A new criterion for assessing Ilizarov treatment outcomes in nonunion of the tibia

Abstract

Introduction

The purpose of this study was to assess a population of patients with nonunion of the tibia treated with the Ilizarov method in terms of achieved union rates and maintained union rates, determination of re-fracture factors, with a subsequent comparison of our findings with those reported in the available literature.

Materials and methods

This study was a retrospective assessment of 102 patients with nonunion of the tibia treated with the Ilizarov method in the period 2008–2015. The assessed parameters were bone union achieved during treatment, duration of stabilization with an Ilizarov external fixator, and maintained bone union at the last follow-up visit.

Results

The mean age at the start of treatment was 46.7 years (11–84 years). The mean follow-up period was 7 years (2–12 years). Bone union was achieved in all patients. The mean duration of Ilizarov stabilization in the study group was 7.9 months (2.8–20.7 months). The rate of union maintained at the last follow-up visit was 95.1%.

Conclusions

All patients in our study achieved bone union, which constitutes a better outcome than those reported on average in the literature (73.7–100%). The mean length of time which the Ilizarov external fixator was in place in our patients was 8.3 months, which is consistent with the data from literature. Infection, atrophic nonunion, nonunion in 1/3 distal of tibia, and close surgery technique are risk factors of re-fracture. None of the analyzed studies assessed the proportion of patients with maintained bone union. In our study, maintained bone union was observed in 95.1% of patients at the follow-up visit at least 2 years after treatment, which indicates excellent long-term treatment outcomes in nonunion of the tibia treated with the Ilizarov method.

Introduction

Due to the anatomical structure and relatively poor perfusion in the distal third of the leg, fractures in this part of the body—in comparison with other locations—relatively commonly result in disturbed healing and nonunion [1,2,3,4,5,6]. In tibial fractures, nonunion rates range from 2.5 to 11% of cases [5, 6]. Ilizarov external fixators are an established technique for treating bone-healing disturbances [1,2,3,4,5,6,7,8,9,10,11,12,13,14,15,16,17,18,19,20,21,22,23,24,25,26,27]. The treatment aims to achieve bone union and painless, efficient gait, while focusing not only on the immediate outcomes. In fact, one equally important indicator of successful treatment is maintained bone union.

The literature on the subject comprises a number of papers on treating nonunion of the tibia with an Ilizarov external fixator [1,2,3,4,5,6,7,8,9,10,11,12,13,14,15,16,17,18,19,20,21,22,23,24,25,26,27]. The investigators focused on presenting various surgical techniques [2, 3, 5,6,7,8,9,10,11, 13, 16,17,18,19, 23, 26] and assessing the supportive role of various medications, means, and techniques in achieving bone union [1, 4]. These studies were predominantly concerned with assessing short-term treatment results [1,2,3,4,5,6,7,8,9,10,11,12,13,14,15,16,17,18,19,20,21,22,23,24,25,26,27]. For instance, the available literature on assessing Ilizarov method treatment outcomes in patients with nonunion of the tibia used such parameters as the rate of union, which is a short-term outcome [1,2,3,4,5,6,7,8,9,10,11,12,13,14,15,16,17,18,19,20,21,22,23,24,25,26,27]. Some patients who achieve union later develop re-fracture at the pseudarthrosis union site [1, 19], with the re-fracture rates as high as 31.6% [19]. These patients require retreatment, which translates to poor long-term outcomes.

Some authors who reported re-fracture rates considered them only as a complication, with no significant impact on treatment outcomes [1, 19, 25]. There are no studies on the long-term treatment outcomes (in terms of maintaining bone union over many years of follow-up) in nonunion of the tibia treated with the Ilizarov method. Thus, we would like to introduce a new criterion in assessing long-term outcomes, namely, maintained bone union. We believe the outcomes of treating nonunion of the tibia with the Ilizarov method which should be assessed comprehensively, both in terms of short-term (union rates—achieving union after treatment) and long-term parameters (maintained union rates).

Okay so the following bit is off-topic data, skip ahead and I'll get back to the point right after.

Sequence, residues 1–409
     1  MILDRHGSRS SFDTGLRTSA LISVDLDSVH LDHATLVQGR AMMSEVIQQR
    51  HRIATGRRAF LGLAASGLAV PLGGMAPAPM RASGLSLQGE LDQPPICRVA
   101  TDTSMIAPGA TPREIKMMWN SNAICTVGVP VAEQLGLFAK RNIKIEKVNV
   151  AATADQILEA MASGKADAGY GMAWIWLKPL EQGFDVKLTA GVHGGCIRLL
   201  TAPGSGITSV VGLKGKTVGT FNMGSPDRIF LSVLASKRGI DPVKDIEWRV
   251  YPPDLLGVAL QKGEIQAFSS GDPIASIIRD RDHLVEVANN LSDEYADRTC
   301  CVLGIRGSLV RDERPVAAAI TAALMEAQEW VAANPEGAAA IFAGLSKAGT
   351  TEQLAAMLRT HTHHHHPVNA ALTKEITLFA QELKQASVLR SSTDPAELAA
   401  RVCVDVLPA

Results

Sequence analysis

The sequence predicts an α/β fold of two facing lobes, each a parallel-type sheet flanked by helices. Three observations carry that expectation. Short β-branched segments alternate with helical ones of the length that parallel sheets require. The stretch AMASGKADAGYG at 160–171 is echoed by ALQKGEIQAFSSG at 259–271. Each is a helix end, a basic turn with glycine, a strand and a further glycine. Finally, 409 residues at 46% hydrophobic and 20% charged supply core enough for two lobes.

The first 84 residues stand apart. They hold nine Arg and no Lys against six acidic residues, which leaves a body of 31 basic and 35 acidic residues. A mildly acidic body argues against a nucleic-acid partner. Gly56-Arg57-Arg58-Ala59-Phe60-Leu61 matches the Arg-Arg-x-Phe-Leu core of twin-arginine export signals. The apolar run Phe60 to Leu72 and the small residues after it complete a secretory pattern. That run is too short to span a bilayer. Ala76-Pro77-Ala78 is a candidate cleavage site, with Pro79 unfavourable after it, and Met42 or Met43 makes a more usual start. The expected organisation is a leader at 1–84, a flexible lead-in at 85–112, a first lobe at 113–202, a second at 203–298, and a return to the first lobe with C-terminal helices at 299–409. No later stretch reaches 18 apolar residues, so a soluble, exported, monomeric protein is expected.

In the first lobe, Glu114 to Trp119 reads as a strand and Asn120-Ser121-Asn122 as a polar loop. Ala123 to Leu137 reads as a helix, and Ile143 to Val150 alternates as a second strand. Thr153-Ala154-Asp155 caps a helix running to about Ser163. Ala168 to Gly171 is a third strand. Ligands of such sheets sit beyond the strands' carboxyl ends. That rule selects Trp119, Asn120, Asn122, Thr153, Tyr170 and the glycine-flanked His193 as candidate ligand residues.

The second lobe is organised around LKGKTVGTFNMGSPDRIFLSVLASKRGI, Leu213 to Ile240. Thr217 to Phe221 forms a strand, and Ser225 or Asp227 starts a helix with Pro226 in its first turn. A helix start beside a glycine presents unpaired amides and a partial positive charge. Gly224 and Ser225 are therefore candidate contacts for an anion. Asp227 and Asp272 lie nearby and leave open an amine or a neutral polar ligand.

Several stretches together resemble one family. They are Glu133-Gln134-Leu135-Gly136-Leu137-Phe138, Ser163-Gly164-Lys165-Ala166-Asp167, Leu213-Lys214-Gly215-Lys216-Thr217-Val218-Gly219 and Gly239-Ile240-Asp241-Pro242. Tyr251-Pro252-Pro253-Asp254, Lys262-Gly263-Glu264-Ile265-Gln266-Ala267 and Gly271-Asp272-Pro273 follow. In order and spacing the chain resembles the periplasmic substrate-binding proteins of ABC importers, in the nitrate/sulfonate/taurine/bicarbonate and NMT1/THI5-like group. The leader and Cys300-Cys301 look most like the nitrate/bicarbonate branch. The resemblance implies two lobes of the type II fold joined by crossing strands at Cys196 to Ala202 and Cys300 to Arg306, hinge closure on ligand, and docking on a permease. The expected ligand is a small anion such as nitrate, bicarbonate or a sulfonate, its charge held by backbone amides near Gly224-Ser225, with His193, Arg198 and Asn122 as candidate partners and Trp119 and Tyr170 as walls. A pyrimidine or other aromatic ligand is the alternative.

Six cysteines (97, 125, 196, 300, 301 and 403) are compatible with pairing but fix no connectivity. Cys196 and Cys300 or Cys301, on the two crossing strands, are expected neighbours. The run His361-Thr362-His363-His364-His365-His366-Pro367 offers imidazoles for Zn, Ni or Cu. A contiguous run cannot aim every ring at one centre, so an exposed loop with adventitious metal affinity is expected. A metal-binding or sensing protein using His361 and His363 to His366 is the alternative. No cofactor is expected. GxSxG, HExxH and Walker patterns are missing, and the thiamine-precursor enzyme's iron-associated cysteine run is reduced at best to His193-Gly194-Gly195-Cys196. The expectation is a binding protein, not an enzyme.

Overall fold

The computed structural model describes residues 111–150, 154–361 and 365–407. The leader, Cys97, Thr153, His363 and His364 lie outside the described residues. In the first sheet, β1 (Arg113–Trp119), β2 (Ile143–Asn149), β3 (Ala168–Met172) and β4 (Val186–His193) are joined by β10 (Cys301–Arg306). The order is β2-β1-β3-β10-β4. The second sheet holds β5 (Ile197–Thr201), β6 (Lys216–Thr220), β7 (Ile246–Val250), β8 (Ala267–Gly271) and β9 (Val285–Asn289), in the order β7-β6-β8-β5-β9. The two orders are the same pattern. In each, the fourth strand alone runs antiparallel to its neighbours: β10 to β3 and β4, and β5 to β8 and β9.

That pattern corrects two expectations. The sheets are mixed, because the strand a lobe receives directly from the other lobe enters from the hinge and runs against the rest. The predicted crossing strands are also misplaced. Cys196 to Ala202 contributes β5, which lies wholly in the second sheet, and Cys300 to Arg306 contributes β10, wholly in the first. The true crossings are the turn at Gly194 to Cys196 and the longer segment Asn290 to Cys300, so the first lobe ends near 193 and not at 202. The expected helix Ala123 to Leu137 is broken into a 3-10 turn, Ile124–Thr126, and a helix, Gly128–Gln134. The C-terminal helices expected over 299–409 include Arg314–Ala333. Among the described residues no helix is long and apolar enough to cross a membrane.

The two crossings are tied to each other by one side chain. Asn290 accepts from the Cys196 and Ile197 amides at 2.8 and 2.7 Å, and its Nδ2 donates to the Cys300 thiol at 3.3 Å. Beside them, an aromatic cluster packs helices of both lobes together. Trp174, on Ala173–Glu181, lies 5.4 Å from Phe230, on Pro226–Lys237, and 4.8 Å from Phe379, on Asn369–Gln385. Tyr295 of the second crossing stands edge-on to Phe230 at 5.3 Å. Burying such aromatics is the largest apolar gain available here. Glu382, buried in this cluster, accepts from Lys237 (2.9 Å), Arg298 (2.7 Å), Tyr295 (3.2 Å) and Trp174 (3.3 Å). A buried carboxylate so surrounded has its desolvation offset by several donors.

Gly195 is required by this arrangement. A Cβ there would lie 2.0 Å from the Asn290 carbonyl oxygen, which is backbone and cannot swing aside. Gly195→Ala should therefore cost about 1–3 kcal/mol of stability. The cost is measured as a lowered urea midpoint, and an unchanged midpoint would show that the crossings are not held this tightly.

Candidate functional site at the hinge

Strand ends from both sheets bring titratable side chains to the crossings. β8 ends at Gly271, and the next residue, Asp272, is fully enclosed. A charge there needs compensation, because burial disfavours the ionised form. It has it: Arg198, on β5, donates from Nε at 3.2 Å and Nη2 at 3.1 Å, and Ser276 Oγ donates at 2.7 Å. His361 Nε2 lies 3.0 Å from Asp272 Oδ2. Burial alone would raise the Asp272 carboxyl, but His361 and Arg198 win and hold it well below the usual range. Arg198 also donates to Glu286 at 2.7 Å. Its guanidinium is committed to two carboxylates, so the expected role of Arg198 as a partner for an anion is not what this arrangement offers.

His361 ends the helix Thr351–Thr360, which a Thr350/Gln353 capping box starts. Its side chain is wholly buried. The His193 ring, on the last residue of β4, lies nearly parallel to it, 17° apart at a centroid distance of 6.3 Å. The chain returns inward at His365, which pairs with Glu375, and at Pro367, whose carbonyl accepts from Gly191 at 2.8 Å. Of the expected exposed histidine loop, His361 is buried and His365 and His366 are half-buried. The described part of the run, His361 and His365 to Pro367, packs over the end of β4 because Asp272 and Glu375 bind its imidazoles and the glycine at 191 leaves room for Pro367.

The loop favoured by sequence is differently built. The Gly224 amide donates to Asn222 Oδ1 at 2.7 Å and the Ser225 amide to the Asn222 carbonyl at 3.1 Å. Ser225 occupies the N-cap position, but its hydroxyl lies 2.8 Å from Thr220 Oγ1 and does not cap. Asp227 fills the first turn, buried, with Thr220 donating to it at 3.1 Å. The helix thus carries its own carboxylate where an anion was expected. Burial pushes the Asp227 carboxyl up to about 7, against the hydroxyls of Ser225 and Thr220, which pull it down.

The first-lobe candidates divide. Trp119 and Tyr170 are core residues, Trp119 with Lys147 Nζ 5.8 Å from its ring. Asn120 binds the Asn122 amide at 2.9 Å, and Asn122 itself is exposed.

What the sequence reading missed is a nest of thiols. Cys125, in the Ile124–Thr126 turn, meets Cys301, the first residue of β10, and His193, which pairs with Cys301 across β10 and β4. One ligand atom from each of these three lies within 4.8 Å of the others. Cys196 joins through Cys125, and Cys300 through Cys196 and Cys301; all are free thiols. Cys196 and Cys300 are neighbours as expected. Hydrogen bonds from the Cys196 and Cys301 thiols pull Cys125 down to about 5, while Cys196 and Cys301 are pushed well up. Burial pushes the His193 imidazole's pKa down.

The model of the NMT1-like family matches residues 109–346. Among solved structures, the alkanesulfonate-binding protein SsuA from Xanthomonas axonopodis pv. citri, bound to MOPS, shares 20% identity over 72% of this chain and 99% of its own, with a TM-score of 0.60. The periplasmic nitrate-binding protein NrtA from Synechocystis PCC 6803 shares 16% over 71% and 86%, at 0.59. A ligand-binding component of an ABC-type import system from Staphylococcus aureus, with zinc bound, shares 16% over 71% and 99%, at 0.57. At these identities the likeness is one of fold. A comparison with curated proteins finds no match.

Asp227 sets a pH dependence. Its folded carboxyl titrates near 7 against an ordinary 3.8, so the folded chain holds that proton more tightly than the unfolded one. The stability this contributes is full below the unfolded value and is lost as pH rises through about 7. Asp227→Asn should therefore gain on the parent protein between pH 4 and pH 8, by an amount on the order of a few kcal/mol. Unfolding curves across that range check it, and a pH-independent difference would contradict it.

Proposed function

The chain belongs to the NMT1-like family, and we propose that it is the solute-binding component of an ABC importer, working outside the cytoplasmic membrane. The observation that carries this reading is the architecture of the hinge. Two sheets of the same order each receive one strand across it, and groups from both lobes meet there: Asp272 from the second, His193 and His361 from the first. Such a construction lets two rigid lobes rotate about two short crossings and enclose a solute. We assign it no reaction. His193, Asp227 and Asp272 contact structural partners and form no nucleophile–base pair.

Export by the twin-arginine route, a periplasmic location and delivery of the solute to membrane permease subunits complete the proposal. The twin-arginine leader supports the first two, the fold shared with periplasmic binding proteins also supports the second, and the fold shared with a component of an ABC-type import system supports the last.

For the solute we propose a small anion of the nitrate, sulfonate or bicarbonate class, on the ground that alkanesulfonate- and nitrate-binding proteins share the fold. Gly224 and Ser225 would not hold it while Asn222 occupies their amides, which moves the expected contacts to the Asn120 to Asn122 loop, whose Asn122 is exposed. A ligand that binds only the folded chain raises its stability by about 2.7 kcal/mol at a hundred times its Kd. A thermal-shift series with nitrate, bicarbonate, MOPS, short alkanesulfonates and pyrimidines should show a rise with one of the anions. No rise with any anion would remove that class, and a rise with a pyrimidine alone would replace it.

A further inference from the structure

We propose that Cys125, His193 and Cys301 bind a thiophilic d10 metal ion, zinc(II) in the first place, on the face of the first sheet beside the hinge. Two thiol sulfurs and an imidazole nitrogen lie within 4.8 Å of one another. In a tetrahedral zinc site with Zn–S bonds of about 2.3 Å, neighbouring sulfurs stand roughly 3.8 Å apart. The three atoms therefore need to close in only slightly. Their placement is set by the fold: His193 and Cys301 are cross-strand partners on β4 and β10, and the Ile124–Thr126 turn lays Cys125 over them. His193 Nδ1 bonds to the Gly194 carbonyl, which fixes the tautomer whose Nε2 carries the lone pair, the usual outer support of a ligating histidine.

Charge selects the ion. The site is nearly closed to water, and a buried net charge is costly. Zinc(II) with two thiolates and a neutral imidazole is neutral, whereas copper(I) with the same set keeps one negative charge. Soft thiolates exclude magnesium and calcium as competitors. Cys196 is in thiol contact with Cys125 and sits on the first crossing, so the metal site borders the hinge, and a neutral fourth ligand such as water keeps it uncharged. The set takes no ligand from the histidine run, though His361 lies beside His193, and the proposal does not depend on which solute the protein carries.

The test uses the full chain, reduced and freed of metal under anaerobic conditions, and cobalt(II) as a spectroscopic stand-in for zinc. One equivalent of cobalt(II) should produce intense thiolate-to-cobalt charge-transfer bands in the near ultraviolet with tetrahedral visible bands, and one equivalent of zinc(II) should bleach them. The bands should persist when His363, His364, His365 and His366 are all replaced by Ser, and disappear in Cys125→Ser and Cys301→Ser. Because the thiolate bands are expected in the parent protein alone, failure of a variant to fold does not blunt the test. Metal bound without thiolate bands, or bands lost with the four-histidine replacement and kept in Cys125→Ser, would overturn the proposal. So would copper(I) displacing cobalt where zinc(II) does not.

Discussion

The purpose of this study was to assess a population of patients with nonunion of the tibia treated with the Ilizarov method in terms of achieved union rates and maintained union rates, determination of re-fracture factors, with a subsequent comparison of our findings with those reported in the available literature.

Materials and methods

This study was a retrospective assessment of 102 patients treated by two of the authors for posttraumatic nonunion of the tibia in the period 2008–2015 (Figs. 1, 2).

Fig. 1
figure1

Patient with tibia nonunion. a X-ray from the pre-treatment period, b X-ray with Ilizarov apparatus after union, and c X-ray from the last follow-up visit after 6 years form apparatus removal, confirming maintained union

Fig. 2
figure2

Patient with tibia nonunion. a X-ray from the pre-treatment period, b X-ray with Ilizarov apparatus after union, and c X-ray from the last follow-up visit after 7 years form apparatus removal, confirming maintained union

The inclusion criteria were nonunion of the tibia treated with an Ilizarov external fixator, at least 2 years after treatment end, investigator access to all medical records, and radiological images relating to the patients’ treatment.

102 patients (26 women and 76 men) met all the inclusion criteria. Nonunion were caused failed previous internal plate fixation in 70 cases and failed previous intramedullary nail fixation in 32 cases (Table 1). The study was approved by the Local Institutional Review Board. It was single-center study. We analyzed medical and radiological documentation from hospital records.

Table 1 Patient characteristics

The surgical procedures were conducted by two experienced orthopedic surgeons. In the case of nonunion located in the proximal two-thirds of the tibial shaft, the Ilizarov apparatus consisted of four rings fixed to the tibia and fibula with Kirschner wires. In the case of nonunion of the distal third of the tibia, the Ilizarov apparatus consisted of three rings fixed to the tibia and fibula with Kirschner wires and a foot frame stabilized with three olive Kirschner wires. Tibial nonunion were treated with stabilization and compression, without the use of the bone transport technique. In 73 cases, closed stabilization of nonunion was performed. In 29 patients an open, small bone fragment resection was performed, with adaptation of the nonunion edges and stabilization with the Ilizarov apparatus. We did not use bone grafts. The distal surface of the proximal tibial fragment and the proximal surface of the distal tibial fragment were drilled with Kirschner wires according to Becks’s method.